What are your goals for the near future?

I set really short term goals for myself, like preparing a certain piece or a certain aspect of a piece for my lesson in that week. I make a real effort to come to every lesson prepared and show my professor that I’ve worked on what he told me to correct last week. I usually take notes after my lesson and make a list of things I need to work on so I can show improvement every week. That way, after a month, I can look back and see what I’ve accomplished.

What are your goals for the long term?

Someday I hope to give a concert tour across Europe

What is something unrelated to the guitar that is interesting or unique about you?

I spent my junior year abroad as an exchange student in Switzerland, where I attended public high school. I’m now fluent in French and I also speak German and Italian (not fluently). While in Switzerland, I also studied guitar at the Zurich University of the Arts. I hope to someday move back to Europe and center my career there.

 

cropped claraFourth place winner Clara McLain studies with Robert Guthrie at Southern Methodist University and Rodger Bennett at Brookhaven College. She has played guitar for 11 years. Clara is finishing high school from home while also earning an associates degree at Brookhaven.

How much do you practice?

The amount of time that I practice varies from day to day.  Some days, I practice for six or seven hours; and on other days, I don’t practice at all.

What music did you play at the competition?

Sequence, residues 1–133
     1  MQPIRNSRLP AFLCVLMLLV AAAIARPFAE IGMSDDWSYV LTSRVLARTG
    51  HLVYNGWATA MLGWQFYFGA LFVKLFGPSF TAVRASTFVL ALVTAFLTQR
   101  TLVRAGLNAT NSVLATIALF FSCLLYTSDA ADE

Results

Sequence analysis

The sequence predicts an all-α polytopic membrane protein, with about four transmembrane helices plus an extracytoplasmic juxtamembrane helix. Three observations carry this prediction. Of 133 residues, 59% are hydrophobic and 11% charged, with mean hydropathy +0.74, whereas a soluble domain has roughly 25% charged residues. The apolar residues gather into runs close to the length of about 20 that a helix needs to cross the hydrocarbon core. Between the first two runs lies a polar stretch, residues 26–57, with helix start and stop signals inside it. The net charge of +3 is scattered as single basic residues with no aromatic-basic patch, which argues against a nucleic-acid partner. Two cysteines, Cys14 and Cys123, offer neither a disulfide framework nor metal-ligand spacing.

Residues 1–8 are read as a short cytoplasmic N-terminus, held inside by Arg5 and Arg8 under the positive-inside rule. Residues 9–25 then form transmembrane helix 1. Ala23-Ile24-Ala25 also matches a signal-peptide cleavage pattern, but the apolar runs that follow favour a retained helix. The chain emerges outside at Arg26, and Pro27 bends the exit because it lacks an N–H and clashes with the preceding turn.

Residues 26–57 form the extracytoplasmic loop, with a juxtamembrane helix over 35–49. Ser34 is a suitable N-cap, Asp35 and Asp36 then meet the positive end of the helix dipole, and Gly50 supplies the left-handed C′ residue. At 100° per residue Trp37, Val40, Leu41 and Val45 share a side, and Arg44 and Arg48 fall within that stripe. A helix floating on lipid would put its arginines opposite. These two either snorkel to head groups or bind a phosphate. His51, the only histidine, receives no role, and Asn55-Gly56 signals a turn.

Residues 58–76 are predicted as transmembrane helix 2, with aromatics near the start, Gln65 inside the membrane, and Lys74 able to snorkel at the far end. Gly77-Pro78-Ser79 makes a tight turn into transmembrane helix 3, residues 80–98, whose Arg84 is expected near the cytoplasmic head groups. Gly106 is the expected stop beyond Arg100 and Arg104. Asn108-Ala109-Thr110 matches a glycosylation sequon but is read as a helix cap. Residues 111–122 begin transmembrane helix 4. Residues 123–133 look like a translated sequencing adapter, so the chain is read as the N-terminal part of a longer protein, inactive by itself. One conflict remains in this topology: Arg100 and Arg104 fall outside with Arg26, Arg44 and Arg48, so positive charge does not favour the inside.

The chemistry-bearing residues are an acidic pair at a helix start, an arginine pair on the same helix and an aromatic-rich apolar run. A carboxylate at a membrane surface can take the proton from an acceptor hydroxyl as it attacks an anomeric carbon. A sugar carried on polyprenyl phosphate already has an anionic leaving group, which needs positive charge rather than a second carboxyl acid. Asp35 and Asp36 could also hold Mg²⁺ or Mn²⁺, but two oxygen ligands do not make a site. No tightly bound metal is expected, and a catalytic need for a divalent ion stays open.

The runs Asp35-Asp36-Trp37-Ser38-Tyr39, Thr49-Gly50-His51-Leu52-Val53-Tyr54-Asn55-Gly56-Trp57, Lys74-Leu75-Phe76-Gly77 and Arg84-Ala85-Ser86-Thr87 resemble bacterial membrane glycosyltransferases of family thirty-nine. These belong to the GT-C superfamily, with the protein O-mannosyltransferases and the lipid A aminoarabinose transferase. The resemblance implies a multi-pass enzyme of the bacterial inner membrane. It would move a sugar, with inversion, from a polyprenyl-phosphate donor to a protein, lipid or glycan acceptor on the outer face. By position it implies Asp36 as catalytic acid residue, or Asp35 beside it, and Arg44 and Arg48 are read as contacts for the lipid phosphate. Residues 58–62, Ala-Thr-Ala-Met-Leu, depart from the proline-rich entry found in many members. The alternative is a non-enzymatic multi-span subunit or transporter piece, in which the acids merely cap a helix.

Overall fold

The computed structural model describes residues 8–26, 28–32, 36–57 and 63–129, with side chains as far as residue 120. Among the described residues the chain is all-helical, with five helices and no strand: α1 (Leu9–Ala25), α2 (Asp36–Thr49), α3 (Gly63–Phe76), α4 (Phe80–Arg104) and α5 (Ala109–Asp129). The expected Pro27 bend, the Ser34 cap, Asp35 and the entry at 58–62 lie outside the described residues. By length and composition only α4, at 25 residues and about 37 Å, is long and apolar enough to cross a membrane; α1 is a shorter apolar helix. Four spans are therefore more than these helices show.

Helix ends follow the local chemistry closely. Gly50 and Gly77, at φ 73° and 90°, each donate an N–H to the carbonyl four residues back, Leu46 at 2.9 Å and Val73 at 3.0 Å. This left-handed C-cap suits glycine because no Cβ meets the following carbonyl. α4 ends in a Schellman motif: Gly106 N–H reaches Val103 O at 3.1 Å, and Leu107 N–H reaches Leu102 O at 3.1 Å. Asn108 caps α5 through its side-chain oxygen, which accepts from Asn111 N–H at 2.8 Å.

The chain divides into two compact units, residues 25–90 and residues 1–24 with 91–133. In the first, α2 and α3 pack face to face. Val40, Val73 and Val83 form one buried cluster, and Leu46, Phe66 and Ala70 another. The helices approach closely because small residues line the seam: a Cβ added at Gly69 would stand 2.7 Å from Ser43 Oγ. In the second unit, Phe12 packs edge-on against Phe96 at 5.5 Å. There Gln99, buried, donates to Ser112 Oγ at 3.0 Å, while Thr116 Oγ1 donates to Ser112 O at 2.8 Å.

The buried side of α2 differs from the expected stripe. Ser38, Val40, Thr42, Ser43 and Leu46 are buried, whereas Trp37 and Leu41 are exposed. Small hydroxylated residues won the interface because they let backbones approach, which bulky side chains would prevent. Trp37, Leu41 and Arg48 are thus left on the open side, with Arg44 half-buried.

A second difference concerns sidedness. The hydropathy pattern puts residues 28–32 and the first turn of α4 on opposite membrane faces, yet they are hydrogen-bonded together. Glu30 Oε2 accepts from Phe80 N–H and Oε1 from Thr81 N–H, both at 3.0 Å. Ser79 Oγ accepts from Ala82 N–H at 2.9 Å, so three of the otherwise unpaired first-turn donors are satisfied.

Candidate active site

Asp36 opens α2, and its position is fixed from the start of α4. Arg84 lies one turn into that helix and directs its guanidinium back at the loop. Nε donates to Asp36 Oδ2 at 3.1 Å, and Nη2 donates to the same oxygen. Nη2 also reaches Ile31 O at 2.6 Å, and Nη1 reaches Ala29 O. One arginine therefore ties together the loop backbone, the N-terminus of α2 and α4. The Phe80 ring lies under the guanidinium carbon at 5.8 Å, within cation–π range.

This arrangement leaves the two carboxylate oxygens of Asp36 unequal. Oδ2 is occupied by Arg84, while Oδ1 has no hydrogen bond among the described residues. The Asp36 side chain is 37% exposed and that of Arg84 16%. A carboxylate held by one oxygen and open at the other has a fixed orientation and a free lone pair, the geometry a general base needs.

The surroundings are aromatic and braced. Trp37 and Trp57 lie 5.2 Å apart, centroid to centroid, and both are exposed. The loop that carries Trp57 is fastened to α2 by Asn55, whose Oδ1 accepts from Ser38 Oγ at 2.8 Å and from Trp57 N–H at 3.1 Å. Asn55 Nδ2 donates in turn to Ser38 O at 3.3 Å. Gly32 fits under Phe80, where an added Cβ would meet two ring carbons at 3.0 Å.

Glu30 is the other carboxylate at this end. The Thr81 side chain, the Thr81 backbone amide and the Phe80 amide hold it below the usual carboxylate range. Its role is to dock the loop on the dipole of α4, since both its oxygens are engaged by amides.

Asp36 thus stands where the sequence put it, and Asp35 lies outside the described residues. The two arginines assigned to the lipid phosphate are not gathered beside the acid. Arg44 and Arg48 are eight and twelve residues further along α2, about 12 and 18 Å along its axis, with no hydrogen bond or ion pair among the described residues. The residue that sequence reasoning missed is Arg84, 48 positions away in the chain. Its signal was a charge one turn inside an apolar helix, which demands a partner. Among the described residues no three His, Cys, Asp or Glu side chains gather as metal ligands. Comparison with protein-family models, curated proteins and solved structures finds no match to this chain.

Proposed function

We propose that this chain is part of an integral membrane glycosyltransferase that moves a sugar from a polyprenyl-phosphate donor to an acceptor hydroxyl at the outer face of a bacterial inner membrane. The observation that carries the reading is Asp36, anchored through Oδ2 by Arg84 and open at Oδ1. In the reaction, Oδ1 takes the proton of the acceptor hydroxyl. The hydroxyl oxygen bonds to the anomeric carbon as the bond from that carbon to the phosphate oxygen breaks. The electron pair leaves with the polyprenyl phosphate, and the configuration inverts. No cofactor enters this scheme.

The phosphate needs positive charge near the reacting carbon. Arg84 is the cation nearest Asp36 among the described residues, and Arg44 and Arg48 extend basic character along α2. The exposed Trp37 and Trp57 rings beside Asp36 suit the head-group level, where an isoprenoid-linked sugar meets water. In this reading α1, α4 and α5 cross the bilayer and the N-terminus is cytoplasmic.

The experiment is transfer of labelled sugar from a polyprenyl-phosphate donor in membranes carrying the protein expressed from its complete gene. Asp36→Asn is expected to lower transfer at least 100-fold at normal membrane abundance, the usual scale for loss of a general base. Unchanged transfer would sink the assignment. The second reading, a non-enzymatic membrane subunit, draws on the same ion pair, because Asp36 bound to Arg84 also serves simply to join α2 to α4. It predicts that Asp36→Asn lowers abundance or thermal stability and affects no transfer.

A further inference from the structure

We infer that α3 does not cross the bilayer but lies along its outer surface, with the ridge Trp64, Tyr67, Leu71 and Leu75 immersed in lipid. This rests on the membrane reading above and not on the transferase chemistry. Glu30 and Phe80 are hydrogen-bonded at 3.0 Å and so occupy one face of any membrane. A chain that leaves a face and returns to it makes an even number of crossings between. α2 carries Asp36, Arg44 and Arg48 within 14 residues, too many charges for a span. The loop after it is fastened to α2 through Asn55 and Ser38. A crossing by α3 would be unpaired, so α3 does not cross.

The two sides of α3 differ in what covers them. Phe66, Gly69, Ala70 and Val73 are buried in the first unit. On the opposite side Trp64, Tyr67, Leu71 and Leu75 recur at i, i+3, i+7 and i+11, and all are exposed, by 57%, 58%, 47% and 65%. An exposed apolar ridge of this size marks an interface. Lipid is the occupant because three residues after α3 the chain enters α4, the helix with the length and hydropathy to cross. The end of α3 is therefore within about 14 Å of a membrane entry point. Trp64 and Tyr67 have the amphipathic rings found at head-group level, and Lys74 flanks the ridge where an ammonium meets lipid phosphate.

I played the Fugue from the Violin Sonata No. 1 in A minor by J. S. Bach; Recuerdos de la Alhambra by Francisco Tárrega; and Los Caujaritos by Ignacio Figueredo.

How did you prepare mentally?

I remind myself before I perform that I’ve prepared, and that I’m ready.  I also remind myself that, even if things don’t go well, it’s not the end the world, and I’m not going to be executed on the spot if I mess up.  I just try to enjoy the moment; and I hope that the audience enjoys my performance as well.

What are your goals for the near future?

I plan to attend a university and pursue a degree in classical guitar performance after obtaining an associates degree in music and finishing high school.

What are your goals for the long term?

I plan to continue my guitar studies around the world, to tour and perform, and to teach.

What is something unrelated to the guitar that is interesting or unique about you?

For several years I was active in 4-H showing steers and heifers at county and state livestock shows. I’m unable to do that anymore now that my primary residence is in downtown Dallas; but I still enjoy visiting my family’s ranch, playing with the ranch dogs, shooting my rifle, and riding my dirt bike.